This volume presents ten visual essays that reflect on the historical, cultural and socio-political legacies of empires. Drawing on a variety of visual genres and forms, including photographs, illustrated advertisements, stills from site-specific art performances and films, and maps, the book illuminates the contours of empire’s social worlds and its political legacies through the visual essay. The guiding, titular metaphor, sharpening the haze, captures our commitment to frame empire from different vantage points, seeking focus within its plural modes of power. We contend that critical scholarship on empires would benefit from more creative attempts to reveal and confront empire. Broadly, the essays track a course from interrogations of imperial pasts to subversive reinscriptions of imperial images in the present, even as both projects inform each author’s intervention.Book Details
Dr. Melissa Vogt considers the influence of Rainforest Alliance and Fairtrade in coffee farming communities of Costa Rica from 2009-2019. Sustainability certifications schemes are working amongst a range of sustainability efforts, unique by their intra market location. The intentions of each certification scheme must be clarified prior to evaluation and their influence considered amongst contextually specific historic and contemporary considerations, and alongside the range of sustainability efforts.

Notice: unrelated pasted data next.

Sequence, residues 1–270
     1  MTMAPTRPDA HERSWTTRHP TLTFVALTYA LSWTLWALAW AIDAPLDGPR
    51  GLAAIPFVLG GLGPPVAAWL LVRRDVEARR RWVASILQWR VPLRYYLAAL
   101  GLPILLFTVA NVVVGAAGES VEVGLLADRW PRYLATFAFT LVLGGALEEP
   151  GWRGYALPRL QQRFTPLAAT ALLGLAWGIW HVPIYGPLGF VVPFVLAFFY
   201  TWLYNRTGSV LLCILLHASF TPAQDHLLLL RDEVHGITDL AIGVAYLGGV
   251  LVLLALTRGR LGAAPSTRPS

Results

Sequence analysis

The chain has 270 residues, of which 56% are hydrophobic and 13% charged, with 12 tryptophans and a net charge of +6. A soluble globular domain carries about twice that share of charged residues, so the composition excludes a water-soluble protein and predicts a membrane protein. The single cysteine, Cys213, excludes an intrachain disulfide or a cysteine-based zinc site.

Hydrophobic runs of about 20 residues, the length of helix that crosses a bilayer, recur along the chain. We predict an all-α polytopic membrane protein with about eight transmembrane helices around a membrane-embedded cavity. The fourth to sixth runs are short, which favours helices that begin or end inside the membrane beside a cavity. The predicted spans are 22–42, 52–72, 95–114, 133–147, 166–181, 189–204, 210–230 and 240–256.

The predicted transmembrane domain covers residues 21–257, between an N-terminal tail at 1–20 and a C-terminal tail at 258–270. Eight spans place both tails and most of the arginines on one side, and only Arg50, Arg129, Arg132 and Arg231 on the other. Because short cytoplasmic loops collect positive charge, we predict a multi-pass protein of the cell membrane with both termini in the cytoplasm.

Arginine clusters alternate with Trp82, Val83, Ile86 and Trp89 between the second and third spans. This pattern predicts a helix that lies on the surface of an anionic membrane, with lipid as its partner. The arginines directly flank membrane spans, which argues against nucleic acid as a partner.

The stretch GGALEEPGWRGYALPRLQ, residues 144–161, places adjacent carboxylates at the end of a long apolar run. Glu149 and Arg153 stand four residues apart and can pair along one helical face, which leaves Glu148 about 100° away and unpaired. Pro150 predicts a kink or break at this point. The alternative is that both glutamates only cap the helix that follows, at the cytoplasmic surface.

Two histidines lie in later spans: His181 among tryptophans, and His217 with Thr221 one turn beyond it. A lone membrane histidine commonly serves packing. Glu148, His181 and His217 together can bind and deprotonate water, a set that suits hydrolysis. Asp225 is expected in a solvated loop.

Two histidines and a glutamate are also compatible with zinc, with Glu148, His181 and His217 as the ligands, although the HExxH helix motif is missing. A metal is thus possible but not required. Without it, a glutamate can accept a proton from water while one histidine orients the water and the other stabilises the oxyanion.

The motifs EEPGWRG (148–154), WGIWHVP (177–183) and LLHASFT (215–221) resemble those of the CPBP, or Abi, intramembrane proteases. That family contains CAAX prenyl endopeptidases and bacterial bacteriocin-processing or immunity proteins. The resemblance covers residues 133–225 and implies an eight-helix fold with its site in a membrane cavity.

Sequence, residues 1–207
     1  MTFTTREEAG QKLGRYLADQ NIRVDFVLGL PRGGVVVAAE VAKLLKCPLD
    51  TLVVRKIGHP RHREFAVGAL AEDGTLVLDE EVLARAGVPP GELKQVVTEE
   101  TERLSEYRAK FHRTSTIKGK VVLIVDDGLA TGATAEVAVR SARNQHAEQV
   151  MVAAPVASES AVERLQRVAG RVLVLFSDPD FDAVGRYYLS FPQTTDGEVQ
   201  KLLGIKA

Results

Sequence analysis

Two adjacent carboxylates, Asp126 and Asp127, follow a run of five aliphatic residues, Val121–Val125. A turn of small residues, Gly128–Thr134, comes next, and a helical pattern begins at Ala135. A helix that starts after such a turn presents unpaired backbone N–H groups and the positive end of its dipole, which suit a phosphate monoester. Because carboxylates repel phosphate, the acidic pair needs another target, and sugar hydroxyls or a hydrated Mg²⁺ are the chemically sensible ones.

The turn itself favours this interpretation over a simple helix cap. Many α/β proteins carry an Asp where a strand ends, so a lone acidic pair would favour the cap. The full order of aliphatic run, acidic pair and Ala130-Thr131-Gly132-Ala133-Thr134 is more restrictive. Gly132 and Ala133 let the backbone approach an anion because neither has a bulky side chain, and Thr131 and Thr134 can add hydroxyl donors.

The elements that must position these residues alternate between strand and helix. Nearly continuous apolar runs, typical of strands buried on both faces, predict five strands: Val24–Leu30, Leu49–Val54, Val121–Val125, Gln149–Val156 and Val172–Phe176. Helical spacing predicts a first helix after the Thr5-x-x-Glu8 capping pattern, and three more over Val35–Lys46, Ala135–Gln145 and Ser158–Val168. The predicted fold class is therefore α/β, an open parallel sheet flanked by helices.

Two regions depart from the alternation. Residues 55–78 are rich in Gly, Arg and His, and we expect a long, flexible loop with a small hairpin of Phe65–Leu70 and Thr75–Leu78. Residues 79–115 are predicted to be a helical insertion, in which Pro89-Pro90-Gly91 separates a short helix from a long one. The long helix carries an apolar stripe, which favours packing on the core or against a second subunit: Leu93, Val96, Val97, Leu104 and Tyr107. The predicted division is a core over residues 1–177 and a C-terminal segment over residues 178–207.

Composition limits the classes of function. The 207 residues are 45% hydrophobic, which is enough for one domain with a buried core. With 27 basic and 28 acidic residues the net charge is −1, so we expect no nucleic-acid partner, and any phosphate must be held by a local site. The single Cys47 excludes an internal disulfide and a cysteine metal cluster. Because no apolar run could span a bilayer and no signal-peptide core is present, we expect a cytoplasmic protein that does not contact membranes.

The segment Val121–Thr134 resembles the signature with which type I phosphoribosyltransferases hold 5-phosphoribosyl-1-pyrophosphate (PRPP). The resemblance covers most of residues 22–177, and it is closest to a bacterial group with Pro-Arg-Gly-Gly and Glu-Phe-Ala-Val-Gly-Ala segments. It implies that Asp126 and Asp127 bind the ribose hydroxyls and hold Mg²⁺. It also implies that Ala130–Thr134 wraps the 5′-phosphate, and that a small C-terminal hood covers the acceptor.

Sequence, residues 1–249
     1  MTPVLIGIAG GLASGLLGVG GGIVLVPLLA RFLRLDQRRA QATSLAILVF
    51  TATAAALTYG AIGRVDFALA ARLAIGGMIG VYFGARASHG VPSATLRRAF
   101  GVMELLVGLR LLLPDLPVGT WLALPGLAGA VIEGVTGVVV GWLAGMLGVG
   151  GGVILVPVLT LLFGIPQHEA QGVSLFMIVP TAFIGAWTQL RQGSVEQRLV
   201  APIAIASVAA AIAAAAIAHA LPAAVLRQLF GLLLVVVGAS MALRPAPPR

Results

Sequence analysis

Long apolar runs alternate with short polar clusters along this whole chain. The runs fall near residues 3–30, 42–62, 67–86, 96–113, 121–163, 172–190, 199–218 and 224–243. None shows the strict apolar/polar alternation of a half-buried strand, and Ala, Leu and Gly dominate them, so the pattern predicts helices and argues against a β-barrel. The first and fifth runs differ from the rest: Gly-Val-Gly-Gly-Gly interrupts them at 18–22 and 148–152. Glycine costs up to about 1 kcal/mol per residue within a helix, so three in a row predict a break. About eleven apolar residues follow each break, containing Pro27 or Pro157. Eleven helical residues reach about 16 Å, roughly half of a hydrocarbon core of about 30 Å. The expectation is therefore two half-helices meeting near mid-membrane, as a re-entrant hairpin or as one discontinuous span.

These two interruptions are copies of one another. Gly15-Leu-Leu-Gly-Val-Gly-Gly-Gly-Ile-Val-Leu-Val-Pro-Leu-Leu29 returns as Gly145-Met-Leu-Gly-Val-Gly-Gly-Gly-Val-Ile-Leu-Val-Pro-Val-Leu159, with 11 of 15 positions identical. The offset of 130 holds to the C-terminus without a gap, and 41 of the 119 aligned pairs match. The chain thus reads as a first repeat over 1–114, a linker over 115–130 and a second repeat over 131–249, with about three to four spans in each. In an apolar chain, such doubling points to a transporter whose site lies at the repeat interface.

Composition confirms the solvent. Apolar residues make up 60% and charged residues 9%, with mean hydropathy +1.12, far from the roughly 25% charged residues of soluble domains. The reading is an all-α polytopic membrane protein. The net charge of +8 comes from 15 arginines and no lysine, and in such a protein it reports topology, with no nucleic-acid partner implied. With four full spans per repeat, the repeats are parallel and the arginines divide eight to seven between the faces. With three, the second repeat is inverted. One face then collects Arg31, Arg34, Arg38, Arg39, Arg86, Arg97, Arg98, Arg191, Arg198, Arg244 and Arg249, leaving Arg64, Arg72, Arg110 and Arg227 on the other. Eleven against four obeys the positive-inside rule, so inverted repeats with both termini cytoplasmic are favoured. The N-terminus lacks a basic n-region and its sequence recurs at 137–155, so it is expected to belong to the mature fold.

The advantages and disadvantages, opportunities for improvement and how alternative mechanisms might improve upon or complement sustainability certification schemes are explained. An epilogue considers how prioritisation of coffee as a cash crop may align with sustainability. The influence on biodiversity, community health and income, and the possible implication of reduced coffee crop density for consumers, the market and farming landscapes is considered. How sustainability standards might better encourage more ambitious sustainability in farming landscapes is for future consideration.Book Details
The public is generally enthusiastic about the latest science and technology, but sometimes research threatens the physical safety or ethical norms of society. When this happens, scientists and engineers can find themselves unprepared in the midst of an intense science policy debate. In the absence of convincing evidence, technological optimists and skeptics struggle to find common values on which to build consensus. The best way to avoid these situations is to sidestep the instigating controversy by using a broad risk-benefit assessment as a risk exploration tool to help scientists and engineers design experiments and technologies that accomplish intended goals while avoiding physical or moral dangers.
Dangerous Science explores the intersection of science policy and risk analysis to detail failures in current science policy practices and what can be done to help minimize the negative impacts of science and technology on society.
Available February 2020